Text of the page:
This is a detail from a large cuadro. Peruvian textile wall hangings that depict life in the barrios, or shantytowns, outside of Lima, Peru. They are embroidered and appliquéd using scraps of cotton and other materials by women living and working in Pamplona Alta. There, as in much of Peru, living conditions have grown worse through the past years; political instability and economic hardship, combined with the terrorism and military repression during the 1980s, challenge and threaten ordinary daily life. Throughout the turmoil women have worked to provide sustenance and stability for their families. The making of cuadros represents an art of survival, which documents their struggle while providing a source of income.
Many of the cuadros have small pockets sewn into the back of them – where the maker will write a message that tells the story of the image. They are similar to Chilean arpilleras, also made by women who used those pocketed messages to send a message about what was happening in their country, the disappearance of family members and other atrocities.
The small detail of this particular cuadro portrays a memory of a place. The place where the maker grew up and raised her family – before it was destroyed by political forces who forced them out of their homes.
Below is a virtual landscape – another detail, a different maker. What I like about wandering around Apple Fall (created by a person called Apple Fall) is the attention to detail. Not only in the landscape, but also in the many detailed object that he has for sale in the shops on the property.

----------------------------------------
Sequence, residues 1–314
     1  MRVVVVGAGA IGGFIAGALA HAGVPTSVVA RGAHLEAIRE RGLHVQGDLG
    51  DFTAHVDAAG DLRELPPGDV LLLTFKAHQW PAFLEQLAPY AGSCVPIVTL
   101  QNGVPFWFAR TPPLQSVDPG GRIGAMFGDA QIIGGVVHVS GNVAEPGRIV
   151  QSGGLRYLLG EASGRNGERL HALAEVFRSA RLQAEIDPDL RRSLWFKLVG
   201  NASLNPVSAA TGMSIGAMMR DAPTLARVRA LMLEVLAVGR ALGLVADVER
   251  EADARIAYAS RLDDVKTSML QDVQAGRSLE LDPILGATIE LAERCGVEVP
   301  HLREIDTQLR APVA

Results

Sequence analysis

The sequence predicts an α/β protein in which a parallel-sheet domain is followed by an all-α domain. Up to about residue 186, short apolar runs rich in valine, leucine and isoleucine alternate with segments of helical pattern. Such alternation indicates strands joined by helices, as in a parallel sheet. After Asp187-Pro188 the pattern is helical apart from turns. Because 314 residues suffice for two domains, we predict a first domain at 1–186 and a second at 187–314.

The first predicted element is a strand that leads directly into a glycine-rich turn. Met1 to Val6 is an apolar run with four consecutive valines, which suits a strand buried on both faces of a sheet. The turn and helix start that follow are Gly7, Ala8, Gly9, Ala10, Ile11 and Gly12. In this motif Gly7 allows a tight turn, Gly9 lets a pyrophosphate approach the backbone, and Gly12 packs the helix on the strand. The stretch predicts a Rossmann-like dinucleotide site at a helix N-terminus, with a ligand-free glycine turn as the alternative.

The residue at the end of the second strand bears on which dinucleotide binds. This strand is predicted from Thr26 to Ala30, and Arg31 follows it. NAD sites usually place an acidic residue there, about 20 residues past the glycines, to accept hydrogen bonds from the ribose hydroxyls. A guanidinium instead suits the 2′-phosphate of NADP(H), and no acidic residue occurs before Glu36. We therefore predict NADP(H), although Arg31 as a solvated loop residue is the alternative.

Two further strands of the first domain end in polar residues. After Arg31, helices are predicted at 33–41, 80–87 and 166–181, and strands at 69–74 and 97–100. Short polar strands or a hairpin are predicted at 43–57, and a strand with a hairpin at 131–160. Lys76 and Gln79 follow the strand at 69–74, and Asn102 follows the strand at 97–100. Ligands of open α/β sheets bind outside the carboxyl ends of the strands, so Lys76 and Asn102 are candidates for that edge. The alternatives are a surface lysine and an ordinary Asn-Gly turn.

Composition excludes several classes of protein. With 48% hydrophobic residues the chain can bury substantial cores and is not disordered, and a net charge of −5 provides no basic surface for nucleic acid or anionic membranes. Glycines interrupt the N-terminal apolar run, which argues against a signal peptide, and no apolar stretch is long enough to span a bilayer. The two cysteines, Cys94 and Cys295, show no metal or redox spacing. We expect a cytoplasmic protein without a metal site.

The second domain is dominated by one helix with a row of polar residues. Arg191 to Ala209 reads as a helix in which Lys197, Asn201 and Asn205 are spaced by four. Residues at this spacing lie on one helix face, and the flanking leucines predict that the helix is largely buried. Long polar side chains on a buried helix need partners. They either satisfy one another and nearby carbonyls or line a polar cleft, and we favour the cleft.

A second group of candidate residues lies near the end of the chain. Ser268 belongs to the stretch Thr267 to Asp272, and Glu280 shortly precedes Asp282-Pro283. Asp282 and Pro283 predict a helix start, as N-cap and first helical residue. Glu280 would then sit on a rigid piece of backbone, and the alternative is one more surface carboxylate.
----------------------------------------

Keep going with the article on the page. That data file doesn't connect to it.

The last time I was there I met the most unusual avatar – see him standing behind that chair? He looks like a walking tree – and in the course of having a conversation with him, his leaves turned colors and he went through all four seasons. The light spring green leaves, which changed to a rich deep green – then orange and yellow that all blew off. He only stayed bare for seconds – until the small green buds of spring leaves were back.
You can also see some beautifully made fern terrariums. I love coming across these in Second Life – and beginning to have quite a collections of them – maybe a future post.
A book I come back to again and again when I am thinking about landscape is The Language of Landscape by Anne Whiston Spirn. She writes:
Landscapes themselves harbor both genetic and cultural diversity, and collectively, human habitats comprise a recored of diverse adaptations to similar conditions. That diversity of response is a resource to be treasured. Some day we may have to sift through the human repertoire for answers to difficult questions.
DIVIDING/UNITING. Children bused miles away to visit nature when all around them are products of natural processes: water flowing, earth subsiding, wildflowers and sumacs growing in vacant lots, making soil from rubble and detritus. Such an absurdity comes from dividing the world into pieces, nature/not nature and so on, habits that prevent a grasp of the whole…….To see similarities among disparate things is at the heart of creativity. Oxymorons allow us to achieve a difficult unity while experiencing the separateness of the parts.
That line about sifting through the human repertoire for answers to difficult questions is already happening. It is what draws people to Detroit currently, to examine and photograph the abandon factories and blocks of burned out and demolished houses. It is the reason that cuadros remain popular and a source of income for the women who make them – and it is, in part, the reason I wander through SL looking for small things worth seeing.